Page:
--The airport community itself is the greatest security measure ever. However, that does not mean that those who prefer to keep to themselves are terrorists. Most airport tenants are wise enough to respect those who keep to themselves. Since when must we snoop to be safe?--

~"Dangerous cargo or loads being loaded onto an aircraft."

--What's dangerous? The bottled oxygen used on high-altitude flights could explode. TSA rules are so vague that we begin reading into every little thing and trusting no one.--

~"Students who are vague with verbal answers or when filling out their student

~"Students who are overly concerned as to whether the application includes a
background investigation."

~"Students who continually want to fly over sensitive locations or critical
*This includes "Nuclear facilities, power plants, dams, etc."

--I can understand repeated inquiries being suspicious, but let's not forget general curiosity. I always thought flying near the major-league baseball park near where I live was cool. One of the appeals of flying is the new perspective on things we thought we once knew. Let's not get too paranoid.--

~"Students who ask questions that do not seem relevant to the instruction."

--I asked where the bathroom was once . . . You'll have to pardon my jest. Some things may be peculiar, like a macabre interest in the damage caused by aircraft crashes, but again, try not to overreact at the expense of some one's interest in aviation.--

~"Students who seem interested in only one part of training or who leave the program prior to training completion."

--I'm a student that left the multiengine program before completing it, but that's because I'm currently all out of money. Not everyone leaves because they just wanted to know how to crash an airplane into a building. Additionally, an instructor should know a student well enough to sense something wrong by the time they've spent several hours with them. The TSA itself notes that many students stop training for other reasons.--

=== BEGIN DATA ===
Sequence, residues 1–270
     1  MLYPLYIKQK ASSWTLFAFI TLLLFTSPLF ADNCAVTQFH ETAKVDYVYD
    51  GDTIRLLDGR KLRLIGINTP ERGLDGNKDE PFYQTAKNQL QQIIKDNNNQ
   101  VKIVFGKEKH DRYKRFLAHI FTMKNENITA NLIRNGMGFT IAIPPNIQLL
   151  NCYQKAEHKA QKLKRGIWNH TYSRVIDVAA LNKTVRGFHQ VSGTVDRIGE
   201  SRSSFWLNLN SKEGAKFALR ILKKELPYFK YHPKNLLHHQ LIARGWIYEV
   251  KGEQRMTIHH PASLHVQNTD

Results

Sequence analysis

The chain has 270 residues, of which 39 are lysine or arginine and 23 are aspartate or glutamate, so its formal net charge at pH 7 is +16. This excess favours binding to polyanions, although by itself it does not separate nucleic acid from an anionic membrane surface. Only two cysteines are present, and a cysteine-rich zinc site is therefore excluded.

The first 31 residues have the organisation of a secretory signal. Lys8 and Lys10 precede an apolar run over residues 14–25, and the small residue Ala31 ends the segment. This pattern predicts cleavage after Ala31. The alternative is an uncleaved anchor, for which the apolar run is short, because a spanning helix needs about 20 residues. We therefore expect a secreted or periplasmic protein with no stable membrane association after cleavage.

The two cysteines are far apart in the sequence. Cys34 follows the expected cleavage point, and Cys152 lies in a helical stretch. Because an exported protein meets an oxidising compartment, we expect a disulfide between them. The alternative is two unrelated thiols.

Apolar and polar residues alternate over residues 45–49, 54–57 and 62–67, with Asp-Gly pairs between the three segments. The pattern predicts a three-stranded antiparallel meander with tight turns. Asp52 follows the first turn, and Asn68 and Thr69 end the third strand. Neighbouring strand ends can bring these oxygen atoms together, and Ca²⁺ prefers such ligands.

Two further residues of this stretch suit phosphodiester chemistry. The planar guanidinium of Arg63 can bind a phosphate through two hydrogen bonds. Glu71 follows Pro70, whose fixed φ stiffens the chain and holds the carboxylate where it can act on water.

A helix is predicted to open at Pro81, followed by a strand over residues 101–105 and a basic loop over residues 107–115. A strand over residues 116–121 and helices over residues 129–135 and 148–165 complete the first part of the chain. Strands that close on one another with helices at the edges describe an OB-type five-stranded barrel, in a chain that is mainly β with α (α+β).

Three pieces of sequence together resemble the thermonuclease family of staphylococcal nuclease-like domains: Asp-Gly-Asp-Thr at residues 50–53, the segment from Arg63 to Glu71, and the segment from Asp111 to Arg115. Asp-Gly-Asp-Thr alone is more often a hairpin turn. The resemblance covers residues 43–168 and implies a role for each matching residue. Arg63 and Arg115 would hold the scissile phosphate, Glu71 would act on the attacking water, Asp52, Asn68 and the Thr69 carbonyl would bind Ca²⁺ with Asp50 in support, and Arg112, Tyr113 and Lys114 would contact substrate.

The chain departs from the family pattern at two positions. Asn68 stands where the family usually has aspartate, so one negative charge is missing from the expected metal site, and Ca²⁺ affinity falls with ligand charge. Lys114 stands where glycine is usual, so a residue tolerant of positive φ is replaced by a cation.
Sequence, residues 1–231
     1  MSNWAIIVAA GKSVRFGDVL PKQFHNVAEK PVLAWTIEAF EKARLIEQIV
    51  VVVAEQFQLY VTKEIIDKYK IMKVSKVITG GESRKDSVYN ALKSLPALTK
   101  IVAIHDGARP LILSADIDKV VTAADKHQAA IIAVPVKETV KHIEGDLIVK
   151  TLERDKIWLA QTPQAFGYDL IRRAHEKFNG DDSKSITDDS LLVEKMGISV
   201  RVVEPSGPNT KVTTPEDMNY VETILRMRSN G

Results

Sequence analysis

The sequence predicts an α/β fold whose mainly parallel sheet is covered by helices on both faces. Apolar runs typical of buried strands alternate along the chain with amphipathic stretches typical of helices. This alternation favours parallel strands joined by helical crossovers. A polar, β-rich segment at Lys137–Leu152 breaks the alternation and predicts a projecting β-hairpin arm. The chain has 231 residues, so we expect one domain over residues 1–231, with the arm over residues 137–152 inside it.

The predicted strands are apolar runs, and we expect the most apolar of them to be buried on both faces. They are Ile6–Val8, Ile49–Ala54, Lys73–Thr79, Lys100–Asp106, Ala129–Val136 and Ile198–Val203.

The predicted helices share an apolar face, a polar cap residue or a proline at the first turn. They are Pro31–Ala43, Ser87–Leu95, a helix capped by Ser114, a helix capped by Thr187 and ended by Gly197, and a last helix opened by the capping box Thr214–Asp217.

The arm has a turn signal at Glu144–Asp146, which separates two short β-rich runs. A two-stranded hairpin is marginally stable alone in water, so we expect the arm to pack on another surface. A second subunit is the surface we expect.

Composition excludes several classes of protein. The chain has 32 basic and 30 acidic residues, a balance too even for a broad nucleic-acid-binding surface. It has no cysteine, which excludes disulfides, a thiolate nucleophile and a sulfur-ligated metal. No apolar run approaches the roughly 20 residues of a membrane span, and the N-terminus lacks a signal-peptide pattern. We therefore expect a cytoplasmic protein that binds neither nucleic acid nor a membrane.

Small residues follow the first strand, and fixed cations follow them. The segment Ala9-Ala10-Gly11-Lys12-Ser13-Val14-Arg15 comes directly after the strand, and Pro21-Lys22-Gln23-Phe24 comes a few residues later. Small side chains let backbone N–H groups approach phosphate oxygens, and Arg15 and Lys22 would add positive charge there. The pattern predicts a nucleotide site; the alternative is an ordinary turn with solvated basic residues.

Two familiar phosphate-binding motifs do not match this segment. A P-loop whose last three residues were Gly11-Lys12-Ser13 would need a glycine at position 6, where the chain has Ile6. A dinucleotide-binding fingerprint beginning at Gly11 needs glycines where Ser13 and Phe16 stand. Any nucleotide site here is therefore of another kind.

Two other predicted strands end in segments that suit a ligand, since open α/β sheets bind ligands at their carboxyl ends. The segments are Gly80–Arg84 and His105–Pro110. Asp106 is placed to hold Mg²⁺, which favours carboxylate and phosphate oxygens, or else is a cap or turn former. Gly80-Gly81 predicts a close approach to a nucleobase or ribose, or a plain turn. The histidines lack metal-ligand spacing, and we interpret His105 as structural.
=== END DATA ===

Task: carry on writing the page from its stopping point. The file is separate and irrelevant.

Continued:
~"Student attempting to pay with cash only."

~"Students speaking secretively or evasively passing notes in an attempt to avoid
drawing attention to themselves."

--Passing notes? Are we back in 4th grade?--

~"Students who perspire excessively or who have excessive nervous energy."

--I'm really glad the TSA didn't stop by after my first solo!--

~"Student who is easily agitated."

~"Any other activity that appears inconsistent with the intent to obtain full certification."

Next comes the scenarios. The TSA presents you with a scenario and asks what your response should be. As with the indicators, some are in the "no duh" category but some are simply ridiculous in their accusations.

Scenarios include:

~"You observe an individual you do not recognize working in the engine compartment of one of the flight school's aircraft. He is wearing no uniform and has no identification badge. Additionally, he has a toolbox open at his feet and he is taking tools from the box and using them in the engine compartment."

--The TSA recommends questioning the individual to ensure he is not an impostor. Fair enough, but let's not forget that most GA airports are small communities where you know the person working on the airplane or you offer to help a transient.--

~"You notice a man with some type of instrument in his hand walking around one of the aircraft on the parking ramp. Upon further investigation you realize the man is using the instrument to jimmy the lock and pry the airplane door and window open."

~"When entering the gates to the flight school training facility you see a man standing outside of the fence taking pictures. The man seems to be taking all sorts of pictures including aircraft taking off and landing, aircraft on the parking ramp, and photos of the hanger."

--First of all, I'd respect the TSA a whole lot more if they spelled "hangar" correctly. Secondly, as an aviation photographer, I resent the way my hobby is criminalized. In my case, the flying side of aviation was so unattainable that I hoped I would be able to get to know the pilots by sharing photos of their airplanes. Eventually that worked out for me, but I hate to think how many other photographers have formed the opinion that aviation is a hostile, elitist hobby.--

~"While walking on the flight line you see an unfamiliar man who appears to be altering an aircraft’s registration number. Taking a closer look, you realize that he is using tape to cover-up and alter one of the numbers on the aircraft’s registration. He has changed the “8” to look like a “0”."

~"During a routine aircraft walk-around inspection, you notice a plane on the flight line that has had its wheel wells strengthened. Further investigation shows that an additional bar has been welded on the undercarriage of the aircraft to each wheel of the plane. This aircraft is a typical, single propeller plane and is not commonly used for transporting heavy loads."

--Again with the wheel wells . . .--

~"On the way out to your aircraft you notice an individual working on a plane next to yours. Curious, you look into the plane and watch as the man works beneath the aircraft’s console. It looks as though the man is making alterations and changes to the wiring beneath the console."